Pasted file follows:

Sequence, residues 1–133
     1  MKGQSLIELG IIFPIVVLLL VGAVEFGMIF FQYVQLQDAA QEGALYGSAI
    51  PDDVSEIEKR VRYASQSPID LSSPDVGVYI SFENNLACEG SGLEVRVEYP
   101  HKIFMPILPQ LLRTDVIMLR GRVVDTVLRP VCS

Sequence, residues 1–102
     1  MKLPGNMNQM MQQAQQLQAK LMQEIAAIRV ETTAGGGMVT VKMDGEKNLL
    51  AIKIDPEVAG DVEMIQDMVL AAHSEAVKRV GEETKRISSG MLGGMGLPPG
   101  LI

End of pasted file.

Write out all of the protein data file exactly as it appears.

Sequence, residues 1–133
     1  MKGQSLIELG IIFPIVVLLL VGAVEFGMIF FQYVQLQDAA QEGALYGSAI
    51  PDDVSEIEKR VRYASQSPID LSSPDVGVYI SFENNLACEG SGLEVRVEYP
   101  HKIFMPILPQ LLRTDVIMLR GRVVDTVLRP VCS

Sequence, residues 1–102
     1  MKLPGNMNQM MQQAQQLQAK LMQEIAAIRV ETTAGGGMVT VKMDGEKNLL
    51  AIKIDPEVAG DVEMIQDMVL AAHSEAVKRV GEETKRISSG MLGGMGLPPG
   101  LI